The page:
"Don't try to impress anyone. Drive like you can't afford to repair it. Pretend everyone is out to kill you." -Geo Takk
"Don't Panic!" - Don Burnett
"Watch those cars. Don't go on WET road paint. If anything happens, don't panic!" -Allgrlz Onbikes
"Ride like [you're] invisible, never trust a car pulling up to a stop sign, stop showing off." -Dan Dennis
"Be predictable as you ride, determine how much of your safety you're willing to put in the hands of others 'doing the right thing,' and ride in the moment." -Mike Chapman
"Pay attention. Pay attention. Pay attention." -Mark A Harvey
"Don't hug the center line." - Jeff Reed
"Always expect other drivers to do the dumbest thing they can." - Allen Helus
Tony Gosson offered the following... food for thought...
"Dont put E-85 in your tank. Even If your Hungry do not go down the road with your mouth wide open! Do Not consider sitting on the bike on the trailer that is being pulled down the road that you are riding your bike!"
"I've only got one... drive like everyone is intentionally trying to hit you. I live by this rule when riding." -Marcus William Jaurigue
"Ride like you are invisible; you go where you look, and take a Ride Like a Pro class." - Darrin Doerres
“Always make sure you've found your keys BEFORE you put your gloves on. Never dawdle amongst traffic, make haste before someone makes you paste. Wheelies... what can I say? It's ingrained.” -Rob Murray
"Start with a 'Stay Safe' attitude [and] keep your eyes moving. Look ahead, look to the sides, and check the mirrors. Look for the problem before it becomes your problem. Ride defensively, not offensively." -Lee Leland
"Have a loud pipe so people can hear you when they can't see you." - John Zolis
2) Respect- The Road, the Motorcycle, and Other Riders
"Assume every other driver out there is a moron that doesn't see you. Know your limits [... and] No other [chicks] on the back but my woman." -Albe Wharton
"Never get on someone else's bike without their consent, respect the road, and know your ride. Lean into curves and roll on the throttle, and never ride faster than your angel can fly." -Heidi Lusson
"Maintain your ride for safety, not looks. Watch for others on the road- they're not watching you- and the road hazards. ALWAYS stop for other brothers and sisters in need." -DW Draves.
Biker Party Member Cosmin Constantin Calugarescu breaks down the respect rule like this...
1. Nobody rides your bike, unless you're not able to do it
2. Help a rider in need
3. Respect the road and fellow motorists
Fellow Biker Party Member Dave Vargus adds, "Always expect the unexpected."
"Never go over a steel bridge in the rain. Always give the motorcycle wave.” - Ron Spickel
"Must have shoes on, be sober, don’t lean back there!" - Sandy Holland
3) Enjoy the Ride, but Never Drink and Ride
"Keep the bike in tiptop shape. Always ride wide awake totally sober expecting and anticipating the worst of any scenario while on the road. And when something does happen immediately look for the hole or escape route. Number four? Stay loose stay alert and have fun!" -Eddie Toomey
"Keep it between the ditches, keep your hand out of your britches, and never ride drunk." -Terry Reeves
"Pee before you ride. [Drink only the legal limit], if more, leave the keys on the hook. Keep the rubber side DOWN!" -Curt Dalrymple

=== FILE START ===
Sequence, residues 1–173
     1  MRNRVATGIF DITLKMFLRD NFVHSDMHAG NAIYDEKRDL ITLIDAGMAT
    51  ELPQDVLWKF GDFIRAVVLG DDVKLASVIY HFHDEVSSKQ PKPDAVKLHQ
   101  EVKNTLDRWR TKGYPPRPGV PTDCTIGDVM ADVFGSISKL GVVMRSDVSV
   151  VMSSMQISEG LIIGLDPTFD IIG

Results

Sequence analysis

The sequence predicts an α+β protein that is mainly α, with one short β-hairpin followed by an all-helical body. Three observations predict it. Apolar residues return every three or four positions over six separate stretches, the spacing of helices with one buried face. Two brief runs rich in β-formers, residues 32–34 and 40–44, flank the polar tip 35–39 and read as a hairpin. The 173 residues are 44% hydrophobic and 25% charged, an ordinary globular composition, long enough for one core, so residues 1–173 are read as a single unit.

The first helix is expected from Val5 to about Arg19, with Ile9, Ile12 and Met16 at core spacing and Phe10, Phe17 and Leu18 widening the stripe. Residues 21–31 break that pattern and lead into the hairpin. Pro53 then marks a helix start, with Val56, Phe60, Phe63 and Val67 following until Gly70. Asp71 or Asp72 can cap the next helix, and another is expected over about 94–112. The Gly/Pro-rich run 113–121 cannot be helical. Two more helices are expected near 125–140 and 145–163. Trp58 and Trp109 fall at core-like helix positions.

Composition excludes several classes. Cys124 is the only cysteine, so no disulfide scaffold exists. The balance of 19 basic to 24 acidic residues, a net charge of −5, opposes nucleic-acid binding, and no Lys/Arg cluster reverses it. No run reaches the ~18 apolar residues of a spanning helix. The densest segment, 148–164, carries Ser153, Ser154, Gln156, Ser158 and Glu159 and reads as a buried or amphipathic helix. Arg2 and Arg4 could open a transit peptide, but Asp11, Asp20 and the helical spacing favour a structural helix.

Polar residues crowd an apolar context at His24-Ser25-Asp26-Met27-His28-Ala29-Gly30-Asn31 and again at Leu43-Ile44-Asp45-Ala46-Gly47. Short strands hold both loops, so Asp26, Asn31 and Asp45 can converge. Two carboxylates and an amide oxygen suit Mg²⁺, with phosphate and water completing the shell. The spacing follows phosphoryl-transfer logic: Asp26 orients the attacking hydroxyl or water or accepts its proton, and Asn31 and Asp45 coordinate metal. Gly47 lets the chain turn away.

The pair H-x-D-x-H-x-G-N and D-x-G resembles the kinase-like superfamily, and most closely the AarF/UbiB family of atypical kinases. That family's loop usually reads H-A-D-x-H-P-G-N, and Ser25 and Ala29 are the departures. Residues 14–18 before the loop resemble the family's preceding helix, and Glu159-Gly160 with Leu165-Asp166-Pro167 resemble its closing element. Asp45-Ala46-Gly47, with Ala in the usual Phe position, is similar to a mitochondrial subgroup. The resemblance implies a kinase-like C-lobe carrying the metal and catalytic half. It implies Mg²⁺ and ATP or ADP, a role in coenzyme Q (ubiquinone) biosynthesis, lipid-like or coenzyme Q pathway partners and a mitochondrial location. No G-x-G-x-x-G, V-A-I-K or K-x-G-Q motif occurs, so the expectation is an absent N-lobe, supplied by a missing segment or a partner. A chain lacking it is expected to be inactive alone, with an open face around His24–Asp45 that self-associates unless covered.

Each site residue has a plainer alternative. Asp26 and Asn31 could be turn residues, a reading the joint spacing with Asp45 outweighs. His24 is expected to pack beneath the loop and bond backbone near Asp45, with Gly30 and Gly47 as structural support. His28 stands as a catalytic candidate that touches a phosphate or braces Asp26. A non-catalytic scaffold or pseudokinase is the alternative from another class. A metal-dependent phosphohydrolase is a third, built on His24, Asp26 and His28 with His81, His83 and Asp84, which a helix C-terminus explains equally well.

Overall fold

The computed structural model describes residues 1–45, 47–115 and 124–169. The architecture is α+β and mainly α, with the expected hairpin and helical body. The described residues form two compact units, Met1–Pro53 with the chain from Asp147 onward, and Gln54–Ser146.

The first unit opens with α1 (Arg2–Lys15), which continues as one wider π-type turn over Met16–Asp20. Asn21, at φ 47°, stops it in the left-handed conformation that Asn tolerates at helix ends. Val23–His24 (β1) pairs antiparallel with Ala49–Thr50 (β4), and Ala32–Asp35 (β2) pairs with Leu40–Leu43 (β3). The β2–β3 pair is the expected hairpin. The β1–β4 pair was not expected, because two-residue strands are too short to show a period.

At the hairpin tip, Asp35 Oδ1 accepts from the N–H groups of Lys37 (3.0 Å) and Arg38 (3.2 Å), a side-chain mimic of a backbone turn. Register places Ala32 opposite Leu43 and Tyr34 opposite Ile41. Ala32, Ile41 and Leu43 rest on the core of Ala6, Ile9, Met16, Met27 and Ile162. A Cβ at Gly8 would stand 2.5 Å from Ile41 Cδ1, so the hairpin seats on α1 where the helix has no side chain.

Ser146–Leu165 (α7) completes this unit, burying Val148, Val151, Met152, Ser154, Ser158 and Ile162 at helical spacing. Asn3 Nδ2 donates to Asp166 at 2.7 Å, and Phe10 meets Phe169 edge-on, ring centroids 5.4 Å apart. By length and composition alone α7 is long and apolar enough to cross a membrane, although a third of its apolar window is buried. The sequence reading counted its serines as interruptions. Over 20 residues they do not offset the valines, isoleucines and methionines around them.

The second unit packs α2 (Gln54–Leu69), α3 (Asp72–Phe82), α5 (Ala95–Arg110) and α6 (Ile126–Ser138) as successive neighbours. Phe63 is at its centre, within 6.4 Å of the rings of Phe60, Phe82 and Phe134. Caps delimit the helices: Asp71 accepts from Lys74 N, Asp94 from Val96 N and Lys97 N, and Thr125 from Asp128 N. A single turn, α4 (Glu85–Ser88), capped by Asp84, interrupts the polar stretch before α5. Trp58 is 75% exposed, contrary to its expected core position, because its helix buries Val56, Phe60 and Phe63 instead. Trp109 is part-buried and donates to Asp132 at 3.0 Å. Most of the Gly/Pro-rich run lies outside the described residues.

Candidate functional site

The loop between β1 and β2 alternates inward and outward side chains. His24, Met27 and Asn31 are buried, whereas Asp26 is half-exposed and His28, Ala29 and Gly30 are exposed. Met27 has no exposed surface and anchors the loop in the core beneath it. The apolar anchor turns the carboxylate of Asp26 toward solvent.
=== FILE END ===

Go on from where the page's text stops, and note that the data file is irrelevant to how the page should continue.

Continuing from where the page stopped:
"Sobriety. My will is in order. Double-check that my life insurance policy is current and in order..." -Wayne Hebert
"Wear all safety things, don't outride my abilities, and never drink and ride!" -Luther Berge
"Sober. Everyone is trying to kill you. Ride within your limits." -John Taylor
Jeffery Guynn's Top 3 Biker Tips:
1. Ride with your head on a swivel, assume everyone wants to kill you.
2. Protection! Wear long, tough pants, safety toe boots and a leather minimum.
3. No drinking and driving. Even one could cost you a split second that could save you.
"Dress for the slide, not the ride. Don't drink and ride. Always assume no one can see you coming." -James Tucker
"Don't ride drunk, in heavy rain, or when the temp is below 30°F" -Cody Knapp
"[I] never drink an alcoholic beverage until I’m done riding for the day. ATGATT (All The Gear, All The Time), and start every day with a full tank of gas and put 100 miles on and then stop for breakfast." - Steven P. Singleton
"No drinking. Make sure tires have right amount of air and don't ride in the country after dark." -Les Johnson
Lance Compton agrees with Les’ ‘No Drinking’ rule and had a couple more…
1. Don’t ever drink and ride, no alcohol at all
3. Years of experience off-road before riding on the street, you really need that muscle memory in an emergency
Experience is always the author of a biker's personal rules of the road. Sometimes when you want to share the lessons learned from your experiences, you just can’t just limit yourself to the top 3. Here are two riders who shot for extra credit when drafting their rules.
Lester Hammer suggests:
1. When in town, ride at least a block ahead of your position.
2. Ride at your own pace and where you’re comfortable.
3. Ride your skill level
4. Always be aware of ALL your surroundings.
5. Don't take others to ride with you 'till you are VERY comfortable with the bike you are riding.
6. ALWAYS wear leather footwear and gloves.
7. Chasing your significant other through twisties marked 50 at 70 mph is much sexier than you would think.
Lucas Mayrinck sums it all up quite nicely with his Top 10:
1. Motorcycle life isn't for everyone (according to skills and sensitivity)!
2. Don't ride like an idiot
3. Don't BE an idiot!
4. Maintain your bike to reduce surprises
5. Keep distance
6. Be aggressive (my rule I don’t recommend to others) but with safety and sympathy for others
6. Check your zippers
7. Check your people
8. Keep distance
10. Keep distance
The Bottom Line
As Bikers, we embrace the imperfect. We get dirty and we have fun. If you are looking for a group of people that like to spend time together, learn together, and enjoy life together, then you already qualify as a biker.
Bikers are an amazing group of people. They are adventurers, risk-takers, and non-conformists. Most of all, they are people who care about the motorcycle community and love to ride. Bikers are in it for the long haul. Bikers are dedicated riders who love the exhilaration of the open road. They ride non-stop, test their limits, and live life in the fast lane. Riding a motorcycle isn't something they do, it's who they are. The ride runs through their blood like oil through an engine.
Don’t believe us? Just ask a Biker… we’re more approachable than you might think.